Indeed, the median travel duration was 8 days in the cohort study

Indeed, the median travel duration was 8 days in the cohort study, compared to 18 days in the sentinel study, introducing a possible bias in comparing results. In addition, the time to presentation at sentinel clinics was longer than the interval time between the end of travel and the telephone call in the cohort survey. Finally, the low proportion of travelers who sought pre-travel advice may account for a higher proportion of severe diseases in the patients presenting to sentinel clinics. Diarrhea was underrepresented in

sentinel surveillance data compared to the cohort survey data, which reflects the fact that the vast majority of patients suffering from diarrhea used self-treatment and did not consult a specialized sentinel clinic. We evidence here the complementary nature of using a cohort survey and sentinel surveillance data. We demonstrate that information regarding the incidence of common but mild health problems is better collected selleck inhibitor through a prospective cohort survey—although there are inherent biases even in this selleckchem approach because only people presenting for pre-travel advice will be included. However, it is very difficult to study the incidence of severe but relatively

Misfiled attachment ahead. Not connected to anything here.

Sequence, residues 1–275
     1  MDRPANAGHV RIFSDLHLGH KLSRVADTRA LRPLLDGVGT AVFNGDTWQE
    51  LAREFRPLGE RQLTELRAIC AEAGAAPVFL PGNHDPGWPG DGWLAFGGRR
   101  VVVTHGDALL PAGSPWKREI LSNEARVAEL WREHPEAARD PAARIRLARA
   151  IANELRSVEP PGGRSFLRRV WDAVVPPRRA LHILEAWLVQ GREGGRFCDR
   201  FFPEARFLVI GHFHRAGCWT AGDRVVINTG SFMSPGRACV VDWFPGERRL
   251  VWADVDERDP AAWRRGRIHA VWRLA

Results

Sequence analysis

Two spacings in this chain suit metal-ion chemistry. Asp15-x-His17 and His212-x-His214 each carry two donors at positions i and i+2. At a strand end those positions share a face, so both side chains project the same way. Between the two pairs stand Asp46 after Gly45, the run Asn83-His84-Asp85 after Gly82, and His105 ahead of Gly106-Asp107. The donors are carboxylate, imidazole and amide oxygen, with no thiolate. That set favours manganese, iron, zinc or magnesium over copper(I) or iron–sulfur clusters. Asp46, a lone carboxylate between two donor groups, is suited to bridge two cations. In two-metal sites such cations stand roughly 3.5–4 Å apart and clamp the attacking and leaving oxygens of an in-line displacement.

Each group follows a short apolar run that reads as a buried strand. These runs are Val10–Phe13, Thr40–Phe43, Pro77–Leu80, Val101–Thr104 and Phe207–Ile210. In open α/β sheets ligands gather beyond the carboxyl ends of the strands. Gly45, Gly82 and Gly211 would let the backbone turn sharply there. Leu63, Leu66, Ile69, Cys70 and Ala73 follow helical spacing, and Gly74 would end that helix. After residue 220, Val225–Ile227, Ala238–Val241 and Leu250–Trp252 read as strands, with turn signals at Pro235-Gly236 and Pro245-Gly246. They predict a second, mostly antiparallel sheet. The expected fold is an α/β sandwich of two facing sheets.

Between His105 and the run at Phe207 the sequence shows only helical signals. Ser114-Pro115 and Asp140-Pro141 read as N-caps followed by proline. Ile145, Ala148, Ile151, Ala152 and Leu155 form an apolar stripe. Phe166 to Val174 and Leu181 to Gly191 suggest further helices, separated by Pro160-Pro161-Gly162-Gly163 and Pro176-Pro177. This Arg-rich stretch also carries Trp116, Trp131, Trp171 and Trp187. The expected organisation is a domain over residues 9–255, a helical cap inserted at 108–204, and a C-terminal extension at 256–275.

uncommon travel-related illnesses prospectively because a very large sample size is required to observe adequate numbers of infrequent health outcomes. This underpins the logic of employing different methodological approaches to answer questions about morbidity during travel. The observation period for the surveillance data was significantly longer than for the cohort survey. A cohort survey extending over many years would obviously not be feasible, which is another advantage of combining

approaches. Such an innovative approach paints a clearer picture of the overall health risks for a specific destination and allows PIK3C2G the design of evidence-based recommendations for travelers. In the case of Senegal, our results suggest that effective protection of skin from arthropod bites, animal-related injuries, sun exposure, and contact with wet soil or non-ironed clothes should result in a significant reduction of travel-associated diseases. This document (C76F-C7D8-191C-6D83-35FF) was edited by American Journal Experts ([email protected]). The authors state that they have no conflicts of interest. “
“Background. Travel-associated health risks need to be balanced against the positive opportunities associated with interregional travel. As the perceived and real spectrum of health risks related to international travel increase both quantitatively and qualitatively, the need for more discriminating tools in clinical assessment for the purpose of mitigation, public health management, and research are needed. One group of international travelers identified as having increased risk of poor travel-related health outcomes are those who travel with the specific intent of visiting friends or relatives (VFR travelers).

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